Diamonds might be forever, but the red rose’s significance of love is much older than that of diamonds. And while a red rose bouquet now plays a critical role in Valentine’s Day, anniversaries and marriage proposals, it is also the ultimate “just because” gift to express romantic love.

It’s probably safe to say there’s no more prevalent or enduring symbol of love and beauty in Western art and literature than red roses. Renowned Scottish poet Robert Burns compared his love to one. Alice in Wonderland’s playing cards nearly lost their heads over them. Red roses crop up frequently in classical paintings, contemporary films and everywhere in between.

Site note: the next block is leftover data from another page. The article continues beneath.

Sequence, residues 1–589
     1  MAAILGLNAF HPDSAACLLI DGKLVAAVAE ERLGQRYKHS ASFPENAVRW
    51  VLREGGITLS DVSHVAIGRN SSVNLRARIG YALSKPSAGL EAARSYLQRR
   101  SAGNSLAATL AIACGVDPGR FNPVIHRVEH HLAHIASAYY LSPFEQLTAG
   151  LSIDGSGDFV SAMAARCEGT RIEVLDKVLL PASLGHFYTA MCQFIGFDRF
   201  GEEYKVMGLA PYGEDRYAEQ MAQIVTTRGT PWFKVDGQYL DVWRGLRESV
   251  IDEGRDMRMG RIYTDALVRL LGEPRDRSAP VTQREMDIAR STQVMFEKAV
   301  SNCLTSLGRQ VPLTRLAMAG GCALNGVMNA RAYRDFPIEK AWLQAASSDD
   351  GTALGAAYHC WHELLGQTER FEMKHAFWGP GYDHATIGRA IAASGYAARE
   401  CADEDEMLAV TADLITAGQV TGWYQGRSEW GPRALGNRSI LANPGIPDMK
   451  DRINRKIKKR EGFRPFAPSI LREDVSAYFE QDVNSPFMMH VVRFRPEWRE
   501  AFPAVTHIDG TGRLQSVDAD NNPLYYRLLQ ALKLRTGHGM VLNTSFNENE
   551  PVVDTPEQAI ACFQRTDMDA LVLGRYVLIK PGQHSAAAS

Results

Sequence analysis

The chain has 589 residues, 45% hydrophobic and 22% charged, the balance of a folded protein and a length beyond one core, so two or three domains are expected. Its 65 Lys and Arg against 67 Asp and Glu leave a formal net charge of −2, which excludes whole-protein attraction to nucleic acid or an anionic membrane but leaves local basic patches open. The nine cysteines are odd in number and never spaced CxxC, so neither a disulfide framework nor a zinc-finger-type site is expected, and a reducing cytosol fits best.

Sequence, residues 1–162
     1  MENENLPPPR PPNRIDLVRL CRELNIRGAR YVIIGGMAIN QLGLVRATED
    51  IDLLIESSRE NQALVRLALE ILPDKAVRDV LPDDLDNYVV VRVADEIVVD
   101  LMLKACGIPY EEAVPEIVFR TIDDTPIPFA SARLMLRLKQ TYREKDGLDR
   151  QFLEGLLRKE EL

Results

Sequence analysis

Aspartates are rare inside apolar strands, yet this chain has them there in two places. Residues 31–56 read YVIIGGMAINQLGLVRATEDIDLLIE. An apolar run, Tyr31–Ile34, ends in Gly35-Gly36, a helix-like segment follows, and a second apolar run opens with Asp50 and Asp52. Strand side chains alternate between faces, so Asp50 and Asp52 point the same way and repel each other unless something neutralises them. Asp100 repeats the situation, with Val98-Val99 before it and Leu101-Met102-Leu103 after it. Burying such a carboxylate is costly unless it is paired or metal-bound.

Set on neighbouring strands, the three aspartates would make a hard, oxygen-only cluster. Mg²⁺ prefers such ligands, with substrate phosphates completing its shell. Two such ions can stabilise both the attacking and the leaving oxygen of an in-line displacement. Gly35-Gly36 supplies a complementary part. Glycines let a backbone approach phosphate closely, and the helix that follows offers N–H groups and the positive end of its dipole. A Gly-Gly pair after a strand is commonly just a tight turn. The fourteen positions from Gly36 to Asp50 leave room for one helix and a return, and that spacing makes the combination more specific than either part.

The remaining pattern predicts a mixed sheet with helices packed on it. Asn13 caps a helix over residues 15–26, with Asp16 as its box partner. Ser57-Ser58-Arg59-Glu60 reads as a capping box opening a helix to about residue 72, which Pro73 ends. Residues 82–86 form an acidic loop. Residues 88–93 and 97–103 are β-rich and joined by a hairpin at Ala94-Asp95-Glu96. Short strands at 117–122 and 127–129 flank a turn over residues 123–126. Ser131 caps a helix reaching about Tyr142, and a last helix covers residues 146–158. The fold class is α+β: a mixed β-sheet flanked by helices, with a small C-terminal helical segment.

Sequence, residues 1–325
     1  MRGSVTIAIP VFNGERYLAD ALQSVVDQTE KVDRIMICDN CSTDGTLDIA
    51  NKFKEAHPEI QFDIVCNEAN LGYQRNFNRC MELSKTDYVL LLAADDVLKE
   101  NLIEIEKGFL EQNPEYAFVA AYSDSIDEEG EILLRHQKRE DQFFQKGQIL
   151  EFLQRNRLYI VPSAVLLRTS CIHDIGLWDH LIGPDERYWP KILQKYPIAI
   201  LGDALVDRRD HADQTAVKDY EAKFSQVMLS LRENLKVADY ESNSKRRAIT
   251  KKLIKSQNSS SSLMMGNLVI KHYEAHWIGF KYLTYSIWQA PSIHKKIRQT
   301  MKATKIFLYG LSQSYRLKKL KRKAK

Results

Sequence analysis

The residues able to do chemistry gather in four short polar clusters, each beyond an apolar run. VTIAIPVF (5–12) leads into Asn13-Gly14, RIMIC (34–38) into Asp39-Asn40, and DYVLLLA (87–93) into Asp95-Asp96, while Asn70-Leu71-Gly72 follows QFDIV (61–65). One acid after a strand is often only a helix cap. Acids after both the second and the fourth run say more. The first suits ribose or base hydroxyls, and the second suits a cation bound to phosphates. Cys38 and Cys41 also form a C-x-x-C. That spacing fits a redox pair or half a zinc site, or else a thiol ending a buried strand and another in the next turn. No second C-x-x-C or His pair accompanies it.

The red rose began its illustrious symbolic history in Greek and Roman iconography, where it was tied to Aphrodite, or Venus, the goddess of love. Later, in early Christian times it became associated with the virtue of Virgin Mary. By the time Shakespeare rolled around it had already become a poetic standard that he, and later Gertrude Stein both famously played with. But through all its ins and outs and long, storied history, the red rose still reigns as the ultimate symbol of passionate affection.

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